Second, in the wake of appreciating the neutral spine alignment, let’s examine exactly what transpires in the slouched sitting position. Slouched sitting (Figure 25) is a common flawed posture used by many, not just dental professionals. Starting from the bottom up, the pelvis is usually rotated posteriorly (Figure 26).
Figure 25. Slouched Sitting.
Figure 26. Posterior Rotation.
This posterior rotation affects several structures. It is impossible to maintain lumbar lordosis with a posteriorly rotated pelvis. Therefore, this reversal of the lumbar lordosis triggers abnormal forces to many tissues. Immediately, it causes the lumbar spine to flex causing widening of the lumbar intervertebral discs and strain on the lumbar ligaments. The paraspinal muscles running along side the spine are elongated and many times rendered inactive due to the elongation. The length/tension curve is no longer ideal for these muscles and they become less electrically active on electromyography (EMG). The deep primary stabilizers, the multifidi, function to assist with extension and rotation. However, during over-flexion of the lumbar spine, these primary stabilizers also become close to electrically silent.
Next, distractive and straining forces are placed on the interspinous ligaments, and the posterior longitudinal ligaments of the lumbar spine. Daily repetitive strain to these ligaments over time can result in one experiencing a generalized lower backache that is often felt across both sides of the lumbar spine. Overtime with the muscles and ligaments strained, the next structures to bear the flexion forces are the intervertebral discs. As stated before, these discs serve important functions such as shock absorption and the provision of nutrition to the vertebral bodies above and below the disc via the vertebral endplates.
The discs also occupy space between two vertebrae to keep the intervertebral foramen patent so the nerve roots can pass from the spine cord out to the periphery. Remember, during slouched sitting, the lumbar spine is in flexion causing distractive forces across the disc and thus weakening the outer layer of the disc called the annulus fibrosis. Over time as repetitive and sustained slouched sitting occurs, more weakening of the disc occurs making us vulnerable to further injuring our discs with simple movements performed independent of sitting, such as bending to tie our shoes or putting on our pants.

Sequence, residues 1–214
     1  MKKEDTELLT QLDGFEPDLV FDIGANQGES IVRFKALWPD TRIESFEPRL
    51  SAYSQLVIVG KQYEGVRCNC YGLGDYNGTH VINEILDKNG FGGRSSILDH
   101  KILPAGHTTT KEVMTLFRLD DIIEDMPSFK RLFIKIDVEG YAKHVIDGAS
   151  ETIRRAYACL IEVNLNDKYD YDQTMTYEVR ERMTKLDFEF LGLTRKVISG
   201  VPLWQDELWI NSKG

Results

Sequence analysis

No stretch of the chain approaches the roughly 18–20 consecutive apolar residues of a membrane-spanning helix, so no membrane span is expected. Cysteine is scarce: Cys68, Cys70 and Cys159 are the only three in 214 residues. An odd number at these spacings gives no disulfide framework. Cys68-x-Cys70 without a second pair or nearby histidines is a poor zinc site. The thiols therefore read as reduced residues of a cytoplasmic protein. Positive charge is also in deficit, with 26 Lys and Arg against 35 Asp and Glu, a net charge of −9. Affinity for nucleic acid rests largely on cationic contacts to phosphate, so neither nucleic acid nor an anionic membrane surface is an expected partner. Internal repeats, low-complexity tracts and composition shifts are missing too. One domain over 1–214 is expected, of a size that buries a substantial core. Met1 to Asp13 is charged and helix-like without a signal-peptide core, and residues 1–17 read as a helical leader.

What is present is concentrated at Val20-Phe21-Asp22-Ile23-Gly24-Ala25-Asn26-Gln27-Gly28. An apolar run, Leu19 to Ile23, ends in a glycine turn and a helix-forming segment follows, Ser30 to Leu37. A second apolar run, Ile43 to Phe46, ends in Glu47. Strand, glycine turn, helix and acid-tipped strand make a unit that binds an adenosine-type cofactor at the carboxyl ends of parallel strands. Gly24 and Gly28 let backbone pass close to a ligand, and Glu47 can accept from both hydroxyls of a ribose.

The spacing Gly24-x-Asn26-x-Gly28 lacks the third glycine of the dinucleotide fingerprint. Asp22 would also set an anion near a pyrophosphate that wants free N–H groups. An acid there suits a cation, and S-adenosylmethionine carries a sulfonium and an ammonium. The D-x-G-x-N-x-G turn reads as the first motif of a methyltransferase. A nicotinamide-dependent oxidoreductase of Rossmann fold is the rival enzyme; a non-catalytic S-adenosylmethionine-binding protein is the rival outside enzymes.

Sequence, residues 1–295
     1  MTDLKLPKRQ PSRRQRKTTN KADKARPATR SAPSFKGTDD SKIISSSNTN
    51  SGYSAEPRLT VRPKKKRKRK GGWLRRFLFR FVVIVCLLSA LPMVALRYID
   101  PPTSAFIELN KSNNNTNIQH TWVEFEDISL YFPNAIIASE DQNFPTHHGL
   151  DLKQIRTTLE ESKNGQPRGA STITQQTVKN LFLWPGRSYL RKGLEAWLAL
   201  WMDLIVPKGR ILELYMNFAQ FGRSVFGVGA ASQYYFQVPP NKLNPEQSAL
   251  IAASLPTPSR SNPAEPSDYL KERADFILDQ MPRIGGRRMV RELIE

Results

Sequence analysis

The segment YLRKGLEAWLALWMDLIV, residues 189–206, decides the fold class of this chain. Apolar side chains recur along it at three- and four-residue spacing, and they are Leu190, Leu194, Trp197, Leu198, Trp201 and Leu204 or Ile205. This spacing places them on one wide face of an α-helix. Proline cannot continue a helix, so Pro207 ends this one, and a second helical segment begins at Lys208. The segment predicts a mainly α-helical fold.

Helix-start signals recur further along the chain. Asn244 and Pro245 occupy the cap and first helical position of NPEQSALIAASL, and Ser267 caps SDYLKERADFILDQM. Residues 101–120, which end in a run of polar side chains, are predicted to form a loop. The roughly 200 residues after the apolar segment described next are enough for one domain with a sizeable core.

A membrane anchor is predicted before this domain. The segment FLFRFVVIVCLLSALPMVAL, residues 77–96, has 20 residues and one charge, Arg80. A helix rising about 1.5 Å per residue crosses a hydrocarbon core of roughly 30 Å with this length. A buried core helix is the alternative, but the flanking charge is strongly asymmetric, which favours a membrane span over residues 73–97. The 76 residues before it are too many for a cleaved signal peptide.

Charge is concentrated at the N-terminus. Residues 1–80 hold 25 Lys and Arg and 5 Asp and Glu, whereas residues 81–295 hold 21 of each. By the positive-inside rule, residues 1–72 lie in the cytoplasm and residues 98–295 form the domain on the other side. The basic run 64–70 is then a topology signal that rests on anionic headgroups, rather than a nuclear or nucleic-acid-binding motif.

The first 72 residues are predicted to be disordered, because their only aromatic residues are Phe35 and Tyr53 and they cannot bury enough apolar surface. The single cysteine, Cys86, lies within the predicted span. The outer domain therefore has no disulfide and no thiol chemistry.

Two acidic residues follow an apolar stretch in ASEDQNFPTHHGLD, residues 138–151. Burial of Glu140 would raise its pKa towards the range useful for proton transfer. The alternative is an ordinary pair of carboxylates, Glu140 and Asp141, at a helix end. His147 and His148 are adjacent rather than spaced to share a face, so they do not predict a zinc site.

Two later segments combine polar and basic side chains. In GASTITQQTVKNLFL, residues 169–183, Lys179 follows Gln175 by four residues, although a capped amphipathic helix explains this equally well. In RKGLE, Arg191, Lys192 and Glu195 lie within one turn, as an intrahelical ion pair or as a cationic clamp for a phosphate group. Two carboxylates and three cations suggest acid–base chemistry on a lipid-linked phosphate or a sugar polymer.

Once injured, discs do not easily heal and can start to degenerate. During this degenerative process, not only is the annulus fibrosis weaker, but the inner core, the nucleus pulposis, migrates posteriorly further pushing on the weakened walls of the annulus. In many circumstances, the nucleus causes bulging, herniation, or extrusion. The nuclear content full of water for shock absorption now resides outside of the disc never to be useful in the role of providing shock absorption. Further injury and/or degeneration sets off a cascade of events that over time can lead to neural foraminal stenosis (Figure 27), central canal stenosis (Figure 28), degenerative disc disease, degenerative joint disease (facet disease) and nerve entrapment. At this point, many are familiar with the term “sciatica” which can result from any one of these conditions or others.
Figure 27. Neural Foraminal Stenosis.
Figure 28. Central Canal Stenosis.
Besides affecting the lumbar spine, a posteriorly rotated pelvis in slouched sitting effects all the portions of the spine and not just the lumbar region. Slouched sitting additionally causes the thoracic spine to flex, the head then must also move forward to offset the posterior movement of the pelvis.
Video 2. Slouched Sitting.